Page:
Yesterday, upon the stair,
I met a man who wasn’t there
He wasn’t there again today
I wish, I wish he’d go away…
From Antigonish by Hughes Mearns (1899)
Scott Sumner has a divergent explanation for the jobless recovery—there isn’t a recovery at all:
Where’s the evidence of a recent trend toward jobless recoveries? What I see isn’t jobless recoveries, but three consecutive recessions where the first 6 quarters saw no recovery at all (relative to trend.) We fell into three deep holes, and started digging sideways.
So yes, the last three recessions have been quite different, but the difference was that during the first 6 quarters of “recovery” there was no recovery at all. And 1983 is not an outlier. We can’t do 1980, because the entire recovery lasted much less than 6 quarters, but previous postwar recessions saw RGDP rise at 5% to 10% rates during the first 6 quarters of recovery.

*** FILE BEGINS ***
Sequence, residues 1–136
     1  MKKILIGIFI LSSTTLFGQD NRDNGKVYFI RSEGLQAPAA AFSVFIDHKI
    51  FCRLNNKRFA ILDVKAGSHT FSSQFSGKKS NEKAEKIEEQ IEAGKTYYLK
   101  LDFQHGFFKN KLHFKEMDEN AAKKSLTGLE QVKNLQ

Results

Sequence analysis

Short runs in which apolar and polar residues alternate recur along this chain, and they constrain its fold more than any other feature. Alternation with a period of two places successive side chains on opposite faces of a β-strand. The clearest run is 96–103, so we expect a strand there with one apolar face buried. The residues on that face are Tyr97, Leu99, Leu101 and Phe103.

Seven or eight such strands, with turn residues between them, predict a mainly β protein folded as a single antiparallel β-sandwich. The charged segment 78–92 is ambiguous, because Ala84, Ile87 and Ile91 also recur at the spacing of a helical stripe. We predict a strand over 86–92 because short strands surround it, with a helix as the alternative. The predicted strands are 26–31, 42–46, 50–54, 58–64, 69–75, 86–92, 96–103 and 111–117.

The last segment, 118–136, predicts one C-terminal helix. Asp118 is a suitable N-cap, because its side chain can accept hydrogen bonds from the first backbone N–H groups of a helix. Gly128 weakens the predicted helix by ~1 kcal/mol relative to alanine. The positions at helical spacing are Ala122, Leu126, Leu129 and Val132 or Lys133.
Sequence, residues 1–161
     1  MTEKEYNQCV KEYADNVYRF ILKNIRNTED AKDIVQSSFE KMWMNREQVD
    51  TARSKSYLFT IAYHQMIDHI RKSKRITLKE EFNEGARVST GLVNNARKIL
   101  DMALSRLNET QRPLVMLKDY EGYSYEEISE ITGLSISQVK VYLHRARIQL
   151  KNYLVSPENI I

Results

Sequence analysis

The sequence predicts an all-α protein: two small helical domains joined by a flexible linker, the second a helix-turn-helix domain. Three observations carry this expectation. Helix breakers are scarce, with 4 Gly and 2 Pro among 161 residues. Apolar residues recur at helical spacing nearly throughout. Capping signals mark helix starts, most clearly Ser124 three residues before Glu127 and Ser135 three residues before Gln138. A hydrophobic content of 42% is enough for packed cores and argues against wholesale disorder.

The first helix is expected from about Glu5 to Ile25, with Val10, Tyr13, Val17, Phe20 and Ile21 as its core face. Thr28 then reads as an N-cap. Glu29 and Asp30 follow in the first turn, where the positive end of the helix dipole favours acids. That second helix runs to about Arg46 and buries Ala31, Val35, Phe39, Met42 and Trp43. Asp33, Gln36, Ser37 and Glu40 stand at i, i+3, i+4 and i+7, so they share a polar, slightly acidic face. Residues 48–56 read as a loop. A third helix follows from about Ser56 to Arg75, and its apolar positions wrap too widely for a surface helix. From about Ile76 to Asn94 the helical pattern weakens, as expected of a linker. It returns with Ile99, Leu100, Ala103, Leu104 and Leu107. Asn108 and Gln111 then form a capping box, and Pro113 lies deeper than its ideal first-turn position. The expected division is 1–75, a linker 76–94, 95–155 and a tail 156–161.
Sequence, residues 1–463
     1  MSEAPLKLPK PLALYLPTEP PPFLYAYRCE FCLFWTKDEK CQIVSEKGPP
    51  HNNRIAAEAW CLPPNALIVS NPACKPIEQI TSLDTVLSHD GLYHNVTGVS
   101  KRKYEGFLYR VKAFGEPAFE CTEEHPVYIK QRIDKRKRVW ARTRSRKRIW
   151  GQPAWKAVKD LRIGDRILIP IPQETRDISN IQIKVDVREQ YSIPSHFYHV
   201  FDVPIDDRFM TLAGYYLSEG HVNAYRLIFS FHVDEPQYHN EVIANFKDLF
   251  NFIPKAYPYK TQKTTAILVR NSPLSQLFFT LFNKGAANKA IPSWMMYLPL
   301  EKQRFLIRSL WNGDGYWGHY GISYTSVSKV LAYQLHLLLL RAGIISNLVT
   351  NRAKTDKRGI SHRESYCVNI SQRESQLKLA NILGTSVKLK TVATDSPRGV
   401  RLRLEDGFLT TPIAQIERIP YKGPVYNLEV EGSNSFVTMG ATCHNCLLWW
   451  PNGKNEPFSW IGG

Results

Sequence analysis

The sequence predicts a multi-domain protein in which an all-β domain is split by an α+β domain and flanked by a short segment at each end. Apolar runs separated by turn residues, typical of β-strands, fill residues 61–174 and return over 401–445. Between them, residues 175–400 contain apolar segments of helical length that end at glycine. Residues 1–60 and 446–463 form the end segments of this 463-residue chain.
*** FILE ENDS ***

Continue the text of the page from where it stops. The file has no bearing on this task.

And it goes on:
The real question is why did RGDP rise so slowly during the three most recent recoveries. If you haven’t guessed yet, you’re obviously new to my blog.
There’s no jobless recovery, there’s a jobless lack of recovery, or more accurately a M*V-less lack of recovery.
He continues on for several paragraphs and then closes with something to contemplate:
Perhaps inflation targeting (rather than level targeting) also plays a role. Price level targeting leads to V-shaped recoveries and inflation targeting leads to L-shaped “recoveries.”